By Erin Ludwig
Classes could end a little too early for Mount Royal College students this semester.
MRC faculty called a strike vote for Nov. 15 after negotiations with the MRC Board of Governors ended late on Tue., Oct. 30. The faculty could go on strike as early as Nov. 19 if the strike vote succeeds.
According to Mount Royal Faculty Association President Jerre Paquette, the decision to call the strike vote was made after the faculty met with the board three times this week with no new developments.
"If we have to go on strike, we will go on strike," said Paquette. "We think the faculty is prepared to do that."
Although no new meetings between MRC faculty and the BoG have been scheduled since the call for a strike vote, Paquette believes the college board is working as hard as the MRFA to come to an agreement prior to an actual strike.
"Sometimes it takes pressure in order to get the best ideas," he said.
MRC Executive Director of Public Affairs Hunter Wight felt the board is doing the best it can.
MRFA commenced work-to-rule action on Oct. 22 after mediated contract negotiations with the BoG failed. The faculty at MRC have been without a contract since July. Paquette explained that after three full days of mediation in September, the MRFA accepted the mediator’s report in its entirety, but the BoG rejected it. The report gave faculty a 4.9 per cent salary increase, which was lower than the nine per cent the faculty had requested.
"We accepted the mediator’s report as a bare minimum," said Paquette. "Any further negotiations would have to include more."
"We believe the offer is a fair one," said Wight. "The fiscal environment is changing and we have to make sure whatever arrangements are made in this year are manageable in future years. The board has decided that 4.5 per cent is an offer it can do, but we’re open to further discussion."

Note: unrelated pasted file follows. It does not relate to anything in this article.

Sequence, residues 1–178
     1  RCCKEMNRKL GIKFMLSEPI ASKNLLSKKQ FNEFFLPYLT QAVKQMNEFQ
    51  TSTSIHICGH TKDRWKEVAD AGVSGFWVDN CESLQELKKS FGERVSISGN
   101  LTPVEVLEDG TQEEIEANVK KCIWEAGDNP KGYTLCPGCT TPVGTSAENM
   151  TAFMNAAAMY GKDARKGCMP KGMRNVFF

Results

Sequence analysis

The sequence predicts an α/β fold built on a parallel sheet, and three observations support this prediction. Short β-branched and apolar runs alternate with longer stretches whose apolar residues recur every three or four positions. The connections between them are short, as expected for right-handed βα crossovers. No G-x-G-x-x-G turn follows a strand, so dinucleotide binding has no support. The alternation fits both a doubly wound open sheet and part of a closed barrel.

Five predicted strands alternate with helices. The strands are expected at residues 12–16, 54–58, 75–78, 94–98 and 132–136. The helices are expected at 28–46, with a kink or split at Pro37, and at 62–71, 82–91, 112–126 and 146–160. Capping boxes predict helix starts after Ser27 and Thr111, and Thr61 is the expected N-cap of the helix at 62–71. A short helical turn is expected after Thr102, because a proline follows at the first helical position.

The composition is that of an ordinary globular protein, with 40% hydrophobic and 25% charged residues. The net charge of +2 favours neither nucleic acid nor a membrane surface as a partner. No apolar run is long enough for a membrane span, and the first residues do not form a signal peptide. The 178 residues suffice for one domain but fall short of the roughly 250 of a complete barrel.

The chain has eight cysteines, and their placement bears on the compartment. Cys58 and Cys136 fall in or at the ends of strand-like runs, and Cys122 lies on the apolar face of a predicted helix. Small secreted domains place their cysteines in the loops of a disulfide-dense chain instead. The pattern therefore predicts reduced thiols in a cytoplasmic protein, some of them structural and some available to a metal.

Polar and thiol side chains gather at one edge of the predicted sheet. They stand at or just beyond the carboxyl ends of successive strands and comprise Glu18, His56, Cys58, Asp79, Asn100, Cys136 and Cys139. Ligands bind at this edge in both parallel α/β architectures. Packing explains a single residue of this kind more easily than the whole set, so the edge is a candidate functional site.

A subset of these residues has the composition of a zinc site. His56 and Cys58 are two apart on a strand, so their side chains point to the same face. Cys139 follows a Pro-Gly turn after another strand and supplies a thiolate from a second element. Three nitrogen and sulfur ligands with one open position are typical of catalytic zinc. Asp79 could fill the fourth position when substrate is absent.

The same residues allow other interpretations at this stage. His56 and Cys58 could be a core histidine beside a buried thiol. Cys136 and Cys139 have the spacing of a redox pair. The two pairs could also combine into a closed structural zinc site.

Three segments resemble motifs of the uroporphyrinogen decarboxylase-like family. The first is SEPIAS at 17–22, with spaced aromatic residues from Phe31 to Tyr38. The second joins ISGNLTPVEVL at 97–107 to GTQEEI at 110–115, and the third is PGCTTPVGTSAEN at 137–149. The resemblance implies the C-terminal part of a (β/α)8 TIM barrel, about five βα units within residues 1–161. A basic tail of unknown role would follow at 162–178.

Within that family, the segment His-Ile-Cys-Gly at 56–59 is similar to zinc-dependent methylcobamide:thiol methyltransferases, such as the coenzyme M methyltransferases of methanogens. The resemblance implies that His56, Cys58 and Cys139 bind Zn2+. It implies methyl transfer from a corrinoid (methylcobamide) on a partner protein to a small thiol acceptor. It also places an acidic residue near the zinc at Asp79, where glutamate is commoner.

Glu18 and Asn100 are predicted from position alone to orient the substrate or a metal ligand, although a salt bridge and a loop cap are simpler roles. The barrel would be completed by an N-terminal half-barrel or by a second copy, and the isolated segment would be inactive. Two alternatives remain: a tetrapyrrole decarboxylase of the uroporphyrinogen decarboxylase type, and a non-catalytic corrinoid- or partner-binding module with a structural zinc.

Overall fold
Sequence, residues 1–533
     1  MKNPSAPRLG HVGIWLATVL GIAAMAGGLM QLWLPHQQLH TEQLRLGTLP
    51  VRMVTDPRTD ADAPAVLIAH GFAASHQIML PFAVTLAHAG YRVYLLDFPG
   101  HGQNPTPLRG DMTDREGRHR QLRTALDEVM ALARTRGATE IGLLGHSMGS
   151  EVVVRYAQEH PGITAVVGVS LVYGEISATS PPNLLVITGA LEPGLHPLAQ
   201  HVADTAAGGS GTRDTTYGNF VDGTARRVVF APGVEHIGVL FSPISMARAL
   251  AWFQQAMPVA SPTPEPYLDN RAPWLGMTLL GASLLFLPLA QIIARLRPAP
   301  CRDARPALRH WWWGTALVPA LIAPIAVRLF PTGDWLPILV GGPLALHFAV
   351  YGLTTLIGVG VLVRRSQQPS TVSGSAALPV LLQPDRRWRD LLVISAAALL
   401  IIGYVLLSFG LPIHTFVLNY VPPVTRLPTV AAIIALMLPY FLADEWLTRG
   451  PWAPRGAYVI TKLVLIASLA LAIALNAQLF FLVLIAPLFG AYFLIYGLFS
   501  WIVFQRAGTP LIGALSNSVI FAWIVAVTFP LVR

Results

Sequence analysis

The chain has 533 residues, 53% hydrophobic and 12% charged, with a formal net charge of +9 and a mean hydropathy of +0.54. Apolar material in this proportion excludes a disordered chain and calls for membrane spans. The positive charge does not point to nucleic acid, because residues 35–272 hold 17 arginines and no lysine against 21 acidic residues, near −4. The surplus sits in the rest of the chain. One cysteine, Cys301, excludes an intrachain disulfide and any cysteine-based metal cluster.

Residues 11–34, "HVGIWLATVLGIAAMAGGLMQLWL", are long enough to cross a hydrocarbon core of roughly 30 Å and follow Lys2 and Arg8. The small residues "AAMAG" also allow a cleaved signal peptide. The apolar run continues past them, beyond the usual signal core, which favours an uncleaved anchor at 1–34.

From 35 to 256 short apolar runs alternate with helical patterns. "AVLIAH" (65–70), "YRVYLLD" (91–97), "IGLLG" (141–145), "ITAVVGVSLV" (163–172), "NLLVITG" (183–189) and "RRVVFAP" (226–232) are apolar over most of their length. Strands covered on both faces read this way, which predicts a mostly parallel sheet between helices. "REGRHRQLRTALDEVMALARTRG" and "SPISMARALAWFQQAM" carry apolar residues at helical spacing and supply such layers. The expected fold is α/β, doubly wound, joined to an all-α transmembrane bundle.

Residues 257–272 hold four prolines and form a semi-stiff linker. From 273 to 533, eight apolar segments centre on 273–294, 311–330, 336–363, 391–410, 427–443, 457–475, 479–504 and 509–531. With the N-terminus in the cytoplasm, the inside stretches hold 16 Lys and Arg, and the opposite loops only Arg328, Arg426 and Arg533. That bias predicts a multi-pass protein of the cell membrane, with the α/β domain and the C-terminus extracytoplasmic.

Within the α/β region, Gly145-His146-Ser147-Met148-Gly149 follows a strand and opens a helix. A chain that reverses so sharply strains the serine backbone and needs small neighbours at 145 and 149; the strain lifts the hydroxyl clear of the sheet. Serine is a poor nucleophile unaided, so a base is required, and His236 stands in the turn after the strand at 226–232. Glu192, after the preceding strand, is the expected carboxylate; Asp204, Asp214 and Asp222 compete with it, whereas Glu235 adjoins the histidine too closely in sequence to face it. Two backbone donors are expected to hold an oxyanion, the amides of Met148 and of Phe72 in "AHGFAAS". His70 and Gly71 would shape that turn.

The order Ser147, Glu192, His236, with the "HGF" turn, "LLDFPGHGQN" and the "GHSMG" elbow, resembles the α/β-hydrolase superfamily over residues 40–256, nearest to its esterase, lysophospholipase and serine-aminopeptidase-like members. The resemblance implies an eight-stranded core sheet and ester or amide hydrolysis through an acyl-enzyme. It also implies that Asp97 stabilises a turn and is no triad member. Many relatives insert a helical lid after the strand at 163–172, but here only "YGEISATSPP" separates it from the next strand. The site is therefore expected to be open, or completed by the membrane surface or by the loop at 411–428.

Elaine McKiel, Associate Undergraduate Dean in the Faculty of Nursing, explained that an MRC strike could have ramifications for U of C students in the Calgary Conjoint Nursing Program, taught by both U of C and MRC instructors.
"This could cause some major problems for us," she said. "But we’ve done it before, we’ve operated under strike conditions before and we’ll do it again. It just takes some creative planning." McKiel also expressed the sincere hope that MRC instructors would not strike.
After the BoG rejection of the report, the faculty directed the MRFA Executive Committee to commence job action as well as the right to call a strike vote.
"We are doing everything possible to avoid affecting students," said Paquette. "Although sometimes the only way faculty can get attention from the board is to affect students."
The first phase of work-to-rule started Oct. 18 and removed faculty attendance from all voluntary committees. The second phase begins Nov. 1 and remains unaffected by the call for a strike vote, according to Student’s Association of MRC President James Wood. This phase includes faculty cancelling all office hours, stopping all e-mail communication with students, and further withdrawals from committees. In light of the call for a strike vote the SA is concerned.
"The second phase is going to affect students," said SAMRC Vice-President External Mark Sollis.
According to Sollis, the SA is looking at the services they normally provide to students and will possibly amplify them to meet student needs.
"The Students’ Association is completely neutral," said Sollis. "The conflict is between the Board and the MRFA."
The University of Calgary Faculty Association will also watch MRFA actions closely. TUCFA is currently planning responses to the university and the government in relation to their own agreement.
"Many U of C faculty were dismayed at the arbitration results which came out in August," said Baker. "We face the same sorts of problems at U of C except for differences in the area of recruitment and retention."
According to Baker, TUCFA is also hoping the MRFA will resolve problems quickly and the salaries and benefits will become more consistent with what they should be.
"We understand their frustrations," he said. "We hope they’re able to sort out their problems as soon as they can in a way which enables them to get on with their lives."